Quote Originally Posted by the rookie View Post
My point was that you should differentiate between "all futurists" and the "futurists you are actually talking about". That would lead some really productive conversation, since we can get the guts and roots of the matter, rather than hovering in the false safety of overgeneralization.
I'm not even sure what you mean. I'm not talking about any specific futurists, but the futurist system in general.

It was plainly obvious that you were referencing that conversation / thread
That was the springboard for what I wrote, yes. But, to be clear, I wasn't aiming any guns at you specifically. That thread, and your argument therein, formed the occasion for me to reflect and formulate my thoughts on the matter more precisely than I had previously.

Sure. But you're making some presumptions regarding how I exegete that passage and where it challenges me.
Could you then explain how you exegete it? I was just working off of what you and others said, as well as what I previously thought when I was a futurist.

I think that you're also making presumptions on what Jeremiah's original audience (and Jeremiah himself) understood and what the grammar demands as it relates to interpretation.
I understand that for many futurists it's a distinction of understanding that the historical nation of Chaldea, and what they had done to Judea, formed the backdrop for Jeremiah's prophecy about a future Chaldea, so that in a sense he is speaking of that historical nation, but only as one who looks at the nearest mountain peak in the shadow of the farthest. Thus, he is actually referring to the future nation as if it were the present nation. But I think that, if anything, that analogy should be reversed. Jeremiah is actually referring to the present nation of Chaldea, prophesying a judgment of retribution on Nebuchadnezzar, saying that the violence and destruction which he dealt to Israel would come back upon his own head (cf. 50:17-18, 29; 51:34-35). That's the underlying logic of the whole prophecy. And if there is a farther mountain peak in view at all, it is only the backdrop on which Jeremiah paints his prophecy about the current nation of Chaldea and its king.

I also find it interesting that you demand that I honor the original audience's understanding - until that understanding is set into a first century context, where we must introduce a dramatic "surprise" that radically changes the terms of what they understood. In other words, your presentation demands that the Pharisaic understanding of O.T. prophetic scripture carry weight in terms of how we understand those passages...until their understanding is brought into an N.T. context, and suddenly their interpretation is rendered meaningless. Which is it?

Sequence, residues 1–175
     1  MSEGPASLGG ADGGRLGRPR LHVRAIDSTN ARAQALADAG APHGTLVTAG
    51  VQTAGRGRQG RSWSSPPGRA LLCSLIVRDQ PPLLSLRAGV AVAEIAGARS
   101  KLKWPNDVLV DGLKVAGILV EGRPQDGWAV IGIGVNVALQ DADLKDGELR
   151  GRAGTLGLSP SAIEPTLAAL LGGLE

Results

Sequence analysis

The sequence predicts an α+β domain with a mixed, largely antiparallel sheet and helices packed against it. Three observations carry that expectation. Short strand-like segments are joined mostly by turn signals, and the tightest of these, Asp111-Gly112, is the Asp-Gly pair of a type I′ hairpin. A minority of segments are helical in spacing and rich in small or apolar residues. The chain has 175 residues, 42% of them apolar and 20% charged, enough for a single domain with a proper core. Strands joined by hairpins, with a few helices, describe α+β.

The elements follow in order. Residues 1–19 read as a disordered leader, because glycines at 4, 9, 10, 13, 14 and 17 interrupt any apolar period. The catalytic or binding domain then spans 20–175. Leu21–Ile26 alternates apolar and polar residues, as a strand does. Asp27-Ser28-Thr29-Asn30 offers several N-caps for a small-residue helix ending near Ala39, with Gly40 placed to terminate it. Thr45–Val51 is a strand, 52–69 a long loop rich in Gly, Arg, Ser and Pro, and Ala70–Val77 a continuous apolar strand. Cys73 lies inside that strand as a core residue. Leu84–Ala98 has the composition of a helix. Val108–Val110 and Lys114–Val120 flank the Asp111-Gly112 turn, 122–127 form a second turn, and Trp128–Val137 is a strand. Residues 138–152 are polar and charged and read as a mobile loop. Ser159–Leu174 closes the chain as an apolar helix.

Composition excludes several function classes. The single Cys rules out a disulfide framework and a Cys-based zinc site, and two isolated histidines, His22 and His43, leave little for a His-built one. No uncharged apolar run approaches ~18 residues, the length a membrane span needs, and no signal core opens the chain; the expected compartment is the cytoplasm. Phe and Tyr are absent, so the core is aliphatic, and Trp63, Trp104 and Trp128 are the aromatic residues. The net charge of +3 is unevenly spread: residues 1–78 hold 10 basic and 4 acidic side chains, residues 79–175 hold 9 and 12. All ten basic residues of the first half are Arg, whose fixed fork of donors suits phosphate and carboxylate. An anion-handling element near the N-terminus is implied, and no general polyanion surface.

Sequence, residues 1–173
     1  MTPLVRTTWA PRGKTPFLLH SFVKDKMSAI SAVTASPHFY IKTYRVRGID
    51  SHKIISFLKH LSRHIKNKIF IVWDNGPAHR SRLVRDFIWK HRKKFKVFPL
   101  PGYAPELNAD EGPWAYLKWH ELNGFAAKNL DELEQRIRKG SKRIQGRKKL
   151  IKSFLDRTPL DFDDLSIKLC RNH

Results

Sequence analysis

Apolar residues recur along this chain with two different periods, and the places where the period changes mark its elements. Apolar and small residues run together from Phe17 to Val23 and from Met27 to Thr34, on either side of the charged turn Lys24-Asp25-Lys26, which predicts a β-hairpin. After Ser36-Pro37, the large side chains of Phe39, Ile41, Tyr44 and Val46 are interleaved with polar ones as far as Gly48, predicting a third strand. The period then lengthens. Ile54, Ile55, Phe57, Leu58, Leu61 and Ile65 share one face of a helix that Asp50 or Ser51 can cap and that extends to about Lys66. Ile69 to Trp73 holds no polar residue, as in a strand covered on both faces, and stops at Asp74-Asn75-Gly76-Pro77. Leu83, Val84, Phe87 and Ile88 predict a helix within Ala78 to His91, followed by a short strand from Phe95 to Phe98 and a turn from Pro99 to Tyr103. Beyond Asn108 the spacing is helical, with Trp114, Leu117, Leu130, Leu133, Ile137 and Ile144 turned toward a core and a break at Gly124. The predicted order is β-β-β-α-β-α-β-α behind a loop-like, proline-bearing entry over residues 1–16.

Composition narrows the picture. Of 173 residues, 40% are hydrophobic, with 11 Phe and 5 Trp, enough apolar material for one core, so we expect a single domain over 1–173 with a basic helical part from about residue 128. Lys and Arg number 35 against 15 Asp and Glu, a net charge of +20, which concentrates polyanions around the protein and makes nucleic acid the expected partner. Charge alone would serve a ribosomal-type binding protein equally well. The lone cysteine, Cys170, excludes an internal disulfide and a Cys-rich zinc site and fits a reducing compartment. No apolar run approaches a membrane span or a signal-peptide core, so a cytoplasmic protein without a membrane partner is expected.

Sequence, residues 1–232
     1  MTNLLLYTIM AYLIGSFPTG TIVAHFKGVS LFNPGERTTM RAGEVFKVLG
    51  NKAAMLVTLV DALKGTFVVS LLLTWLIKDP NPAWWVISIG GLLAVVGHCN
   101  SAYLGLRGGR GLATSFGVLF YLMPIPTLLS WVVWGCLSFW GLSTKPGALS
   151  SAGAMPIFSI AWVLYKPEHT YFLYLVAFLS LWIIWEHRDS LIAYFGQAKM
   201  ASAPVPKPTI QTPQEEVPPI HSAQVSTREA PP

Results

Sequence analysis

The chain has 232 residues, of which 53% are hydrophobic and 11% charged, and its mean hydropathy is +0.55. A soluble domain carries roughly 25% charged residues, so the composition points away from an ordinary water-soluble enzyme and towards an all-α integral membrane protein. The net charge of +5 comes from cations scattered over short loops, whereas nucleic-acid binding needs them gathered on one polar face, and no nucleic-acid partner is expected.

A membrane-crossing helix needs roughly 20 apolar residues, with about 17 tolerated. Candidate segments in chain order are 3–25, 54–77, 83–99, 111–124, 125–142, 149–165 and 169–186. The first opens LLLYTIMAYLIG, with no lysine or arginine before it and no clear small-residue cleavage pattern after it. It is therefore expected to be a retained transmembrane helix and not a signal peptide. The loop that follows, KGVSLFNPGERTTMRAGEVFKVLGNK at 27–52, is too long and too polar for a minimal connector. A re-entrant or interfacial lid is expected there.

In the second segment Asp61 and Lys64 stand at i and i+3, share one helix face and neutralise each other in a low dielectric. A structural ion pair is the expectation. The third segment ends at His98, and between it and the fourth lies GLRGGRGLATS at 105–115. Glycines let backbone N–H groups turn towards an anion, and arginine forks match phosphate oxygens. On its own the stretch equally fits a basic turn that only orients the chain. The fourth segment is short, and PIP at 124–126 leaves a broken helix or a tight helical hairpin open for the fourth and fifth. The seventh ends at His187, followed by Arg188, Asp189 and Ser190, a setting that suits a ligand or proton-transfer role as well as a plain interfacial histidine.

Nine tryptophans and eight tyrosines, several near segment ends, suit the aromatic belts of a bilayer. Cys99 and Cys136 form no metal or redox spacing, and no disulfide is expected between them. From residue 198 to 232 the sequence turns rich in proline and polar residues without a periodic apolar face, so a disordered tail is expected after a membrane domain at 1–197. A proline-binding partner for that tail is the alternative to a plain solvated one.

I'm not suggesting that the content or message of every prophecy has to be fully understood by it's original audience. That, indeed, would be far too great of a demand on the original audience. No, what I'm saying, once more, is that the language, the words and phrases, which the prophets used would have been open to the original audience, rooted in the meaning of their own time, and not filled with the meaning of another period. And I think that's as true for the NT, for Jesus and Paul, as I do for the OT. Of course the message which Jesus spoke was at times mysterious, so that not even his disciples understood it. But the words and phrases which he used were still the words and phrases of his own time, filled with the meaning of that time, except where he explicitly subverts that meaning and fills a word with a new meaning which he wants to give to it, as is the case with "the Christ" or "the kingdom". But that is all within the scope of historical-grammatical interpretation, understanding (a) what the public meaning of those words were, and (b) how the author is interacting with that public meaning, whether he is agreeing with it or contradicting it. If he is contradicting it, then that must be explicit. Public meaning and authorial intent: these are the two sides of the exegetical coin when dealing with any historical text.

According to whom? Modern exegetes and commentators, or second and third century ECF's who were looking for a future antichrist, not back to Nero or Domitian?
First, did all the ECF agree? Second, were they the original audience?

The problem with "undoubtably" is that it establishes an exegetical certainty that feels a bit dishonest, to be honest.
That was admittedly a bit too strong on my part. I should have said "it seems to me" or "most likely". But the point still stands, regardless.